Katie Everett, Executive Director, Lynch Foundation
5 Questions for...Katie Everett, Executive Director, Lynch Foundation
Today, as in the past, education reform tends to be politically charged and fraught with controversy. And while the needs of students often figure prominently in the debate, the devil is always in the details.
In the Boston area, the Lynch Foundation has worked to engage administrators, educators, and parents to think outside the box about how to improve the educational experience for all. In that spirit, the foundation has begun to work with educational innovator Salman Khan and Khan Academy to provide free educational materials to schools in the metro Boston area.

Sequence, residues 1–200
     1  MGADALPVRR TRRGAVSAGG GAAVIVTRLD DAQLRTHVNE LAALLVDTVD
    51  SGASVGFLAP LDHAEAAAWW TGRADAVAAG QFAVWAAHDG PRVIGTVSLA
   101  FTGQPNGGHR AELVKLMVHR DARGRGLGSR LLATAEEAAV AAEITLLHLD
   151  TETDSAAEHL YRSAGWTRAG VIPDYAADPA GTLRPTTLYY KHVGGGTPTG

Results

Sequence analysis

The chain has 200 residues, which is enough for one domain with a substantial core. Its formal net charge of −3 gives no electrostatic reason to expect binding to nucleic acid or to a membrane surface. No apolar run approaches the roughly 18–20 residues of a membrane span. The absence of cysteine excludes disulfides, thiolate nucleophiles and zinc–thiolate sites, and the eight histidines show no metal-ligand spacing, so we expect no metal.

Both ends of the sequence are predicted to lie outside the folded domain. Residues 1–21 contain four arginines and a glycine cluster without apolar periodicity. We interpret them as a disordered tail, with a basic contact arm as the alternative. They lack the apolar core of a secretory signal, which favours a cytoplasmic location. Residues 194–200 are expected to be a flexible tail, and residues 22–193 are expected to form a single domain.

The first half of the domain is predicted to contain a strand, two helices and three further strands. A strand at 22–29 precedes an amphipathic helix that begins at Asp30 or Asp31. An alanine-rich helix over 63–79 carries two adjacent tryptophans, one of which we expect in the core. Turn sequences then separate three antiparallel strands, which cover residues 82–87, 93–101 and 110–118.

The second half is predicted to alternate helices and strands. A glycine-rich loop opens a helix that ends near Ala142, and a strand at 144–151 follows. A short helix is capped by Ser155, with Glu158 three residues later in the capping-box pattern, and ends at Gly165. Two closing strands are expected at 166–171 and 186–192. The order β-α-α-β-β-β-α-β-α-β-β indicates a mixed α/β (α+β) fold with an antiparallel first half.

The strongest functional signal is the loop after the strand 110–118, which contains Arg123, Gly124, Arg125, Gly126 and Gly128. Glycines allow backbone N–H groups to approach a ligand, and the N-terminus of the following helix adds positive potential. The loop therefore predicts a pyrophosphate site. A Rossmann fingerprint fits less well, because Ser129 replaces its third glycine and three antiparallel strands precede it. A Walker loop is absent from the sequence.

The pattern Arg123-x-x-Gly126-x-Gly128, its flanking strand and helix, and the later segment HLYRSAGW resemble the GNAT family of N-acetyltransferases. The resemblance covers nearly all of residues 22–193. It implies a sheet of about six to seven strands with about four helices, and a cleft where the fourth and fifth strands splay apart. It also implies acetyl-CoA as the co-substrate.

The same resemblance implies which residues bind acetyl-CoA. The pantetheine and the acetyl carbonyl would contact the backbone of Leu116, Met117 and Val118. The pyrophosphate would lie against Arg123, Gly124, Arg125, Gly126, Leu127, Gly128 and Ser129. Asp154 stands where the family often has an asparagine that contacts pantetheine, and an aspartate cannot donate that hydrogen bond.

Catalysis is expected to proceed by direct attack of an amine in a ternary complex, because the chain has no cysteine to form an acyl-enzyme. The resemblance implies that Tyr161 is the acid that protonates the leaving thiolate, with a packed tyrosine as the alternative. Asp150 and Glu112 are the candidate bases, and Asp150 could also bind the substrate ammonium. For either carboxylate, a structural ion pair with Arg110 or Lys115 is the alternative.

Recently, PND spoke with the foundation's executive director, Katie Everett, about its partnership with Khan and how new approaches to classroom instruction are making a difference in Boston-area schools.
Philanthropy News Digest: What areas of education does the Lynch
Katie Everett: We fund in all areas, from early education to higher ed. We've been around for twenty-five years and have funded everything from targeted early literacy programs to comprehensive projects at Harvard, Boston College, and the University of Pennsylvania. We fund teacher training, we fund charter schools, we fund in the Catholic school sector, we fund public schools, and we fund principal leadership programs. If there's one area in which we have stopped investing, it is job training. We found it was really hard to measure the impact of those programs.